WASHINGTON – The Bush Administration announced that the United States and Chile will sign the U.S.-Chile Free Trade Agreement on Friday, June 6th in Miami, Florida. U.S. Trade Representative Robert Zoellick will sign the agreement on behalf of the United States, and Chilean Foreign Minister Soledad Alvear will sign on behalf of Chile.

The two countries completed their negotiations in December of 2002. Pursuant to the Trade Act of 2002, President Bush was required to notify Congress 90 days prior to signing the agreement. At the end of negotiations, the agreement was subjected to extensive legal review, and was translated into Spanish.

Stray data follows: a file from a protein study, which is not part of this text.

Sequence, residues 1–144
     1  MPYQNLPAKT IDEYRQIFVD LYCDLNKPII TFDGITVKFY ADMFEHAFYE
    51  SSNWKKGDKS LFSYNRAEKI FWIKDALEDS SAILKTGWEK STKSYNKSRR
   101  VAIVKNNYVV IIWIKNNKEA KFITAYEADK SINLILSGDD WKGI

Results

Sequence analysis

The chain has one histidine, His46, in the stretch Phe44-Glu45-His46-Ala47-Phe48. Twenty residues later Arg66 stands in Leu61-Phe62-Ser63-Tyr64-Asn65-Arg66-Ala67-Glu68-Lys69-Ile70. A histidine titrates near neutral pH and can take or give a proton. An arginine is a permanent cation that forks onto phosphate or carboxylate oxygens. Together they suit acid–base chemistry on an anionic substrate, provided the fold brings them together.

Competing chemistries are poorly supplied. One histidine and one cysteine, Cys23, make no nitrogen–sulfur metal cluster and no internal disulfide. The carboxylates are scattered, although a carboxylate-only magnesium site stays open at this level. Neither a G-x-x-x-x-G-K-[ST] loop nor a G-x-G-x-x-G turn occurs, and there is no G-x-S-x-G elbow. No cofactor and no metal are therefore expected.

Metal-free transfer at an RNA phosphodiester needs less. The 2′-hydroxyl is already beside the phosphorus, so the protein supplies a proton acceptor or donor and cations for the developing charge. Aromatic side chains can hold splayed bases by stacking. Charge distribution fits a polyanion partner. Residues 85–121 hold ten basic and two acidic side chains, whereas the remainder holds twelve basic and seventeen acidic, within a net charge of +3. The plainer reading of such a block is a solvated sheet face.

"A free trade agreement between the U.S. and Chile is another important step toward a Free Trade Agreement of the Americas and the larger goal of a tariff-free world," said taxpayer advocate Grover Norquist. "The Bush administration has been tireless in its promotion of free trade."

The U.S.-Chile FTA will be the first between the U.S. and a South American country. The United States already has free trade agreements with Canada and Mexico (NAFTA); Israel; and Jordan, and recently signed an FTA with Singapore. The Bush Administration is expected to complete negotiations for an agreement with Morocco by the end of this year, and recently announced its intention to enter free trade negotiations with Bahrain.